That isn't to say that they're not worthy of assuming an ambassadorial role. "I think student-guided tours are very appropriate," Quest says. "But the kids have to have a bit of flare and personality for it. And they have to realize what an impact they are making." Fortunately, IHEs can be discriminative about which students they elect as their school ambassadors. For years the University of South Carolina Aiken didn't have this option. Instead, they had shared the pool of volunteer students working for the Alumni Office to lead their tours. "We felt that students in that group were focused solely on alumni and didn't understand the importance of interacting with prospective students and their parents," says Andrew Hendrix, director of Admissions at the university. As a result, Hendrix formed his own group of volunteer students (most of whom were recommended by faculty and staff) who were primarily interested in admissions. The students are rewarded for their time and effort with, for example, a $150 gift certificate to the university's bookstore.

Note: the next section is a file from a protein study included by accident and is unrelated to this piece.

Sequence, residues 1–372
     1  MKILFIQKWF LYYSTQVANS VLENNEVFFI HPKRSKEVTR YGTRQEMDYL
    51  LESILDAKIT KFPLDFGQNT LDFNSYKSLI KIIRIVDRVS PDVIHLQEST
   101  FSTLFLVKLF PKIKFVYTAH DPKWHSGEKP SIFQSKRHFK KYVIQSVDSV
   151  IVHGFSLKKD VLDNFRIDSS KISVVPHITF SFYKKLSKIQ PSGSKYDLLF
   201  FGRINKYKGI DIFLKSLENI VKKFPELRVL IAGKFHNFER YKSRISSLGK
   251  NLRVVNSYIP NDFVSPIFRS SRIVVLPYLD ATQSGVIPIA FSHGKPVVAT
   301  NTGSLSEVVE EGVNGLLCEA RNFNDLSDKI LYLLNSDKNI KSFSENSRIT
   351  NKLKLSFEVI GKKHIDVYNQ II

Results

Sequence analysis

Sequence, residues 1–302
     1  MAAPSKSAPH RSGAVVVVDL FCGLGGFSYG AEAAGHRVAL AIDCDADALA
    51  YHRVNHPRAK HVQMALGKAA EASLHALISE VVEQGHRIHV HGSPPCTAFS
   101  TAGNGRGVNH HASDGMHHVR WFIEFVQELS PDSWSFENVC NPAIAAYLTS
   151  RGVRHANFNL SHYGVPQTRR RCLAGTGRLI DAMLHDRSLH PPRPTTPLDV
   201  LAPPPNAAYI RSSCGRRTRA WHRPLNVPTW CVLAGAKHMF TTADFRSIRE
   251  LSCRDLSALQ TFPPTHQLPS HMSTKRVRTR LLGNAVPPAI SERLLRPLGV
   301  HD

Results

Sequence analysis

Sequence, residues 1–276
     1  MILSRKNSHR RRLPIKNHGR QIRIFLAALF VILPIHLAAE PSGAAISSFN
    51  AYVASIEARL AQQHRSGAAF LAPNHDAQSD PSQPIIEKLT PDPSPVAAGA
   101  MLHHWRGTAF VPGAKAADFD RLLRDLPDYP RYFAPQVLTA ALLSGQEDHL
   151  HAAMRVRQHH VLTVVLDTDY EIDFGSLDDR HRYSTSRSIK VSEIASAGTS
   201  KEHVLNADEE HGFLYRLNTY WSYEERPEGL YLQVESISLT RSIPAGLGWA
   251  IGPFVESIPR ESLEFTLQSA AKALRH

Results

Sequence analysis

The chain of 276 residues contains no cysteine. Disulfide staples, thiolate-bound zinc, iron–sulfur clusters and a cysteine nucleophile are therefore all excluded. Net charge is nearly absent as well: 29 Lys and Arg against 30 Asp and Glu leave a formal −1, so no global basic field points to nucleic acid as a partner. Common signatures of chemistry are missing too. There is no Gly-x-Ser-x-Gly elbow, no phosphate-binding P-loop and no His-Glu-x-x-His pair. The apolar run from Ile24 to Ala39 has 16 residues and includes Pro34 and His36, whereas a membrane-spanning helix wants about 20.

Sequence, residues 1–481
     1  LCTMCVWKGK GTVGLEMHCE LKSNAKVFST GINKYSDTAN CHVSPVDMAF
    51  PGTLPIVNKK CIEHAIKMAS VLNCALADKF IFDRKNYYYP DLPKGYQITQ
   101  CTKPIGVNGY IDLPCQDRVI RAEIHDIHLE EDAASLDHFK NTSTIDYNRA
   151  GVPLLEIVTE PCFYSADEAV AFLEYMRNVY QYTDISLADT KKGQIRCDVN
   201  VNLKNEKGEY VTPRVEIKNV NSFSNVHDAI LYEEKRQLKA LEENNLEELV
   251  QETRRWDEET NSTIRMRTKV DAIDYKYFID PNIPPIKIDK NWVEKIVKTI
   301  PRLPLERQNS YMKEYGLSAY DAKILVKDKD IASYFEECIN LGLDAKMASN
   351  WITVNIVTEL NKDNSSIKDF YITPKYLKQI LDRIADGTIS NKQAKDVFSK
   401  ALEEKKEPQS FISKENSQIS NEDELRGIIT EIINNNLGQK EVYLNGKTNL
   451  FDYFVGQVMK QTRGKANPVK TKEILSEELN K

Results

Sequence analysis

The University of Arizona, as of two months ago, offers an even sweeter reward: cash. About 90 student guides were put on the UA payroll for the first time this fall, earning $5.85 per hour. "We wanted to increase the responsibility and require more training hours (four to five per week) of our guides," says Keith Humphrey, senior assistant director of Admissions. "We didn't feel we could ask this of purely volunteers, especially because our students tend to be very involved in other leadership activities. We wanted to make sure they were getting treated well for their time." Paying the guides has also improved attendance at the weekly ambassador meetings. "The meetings are essential because our campus is undergoing tremendous changes. We need our students to be on top of current information," he says.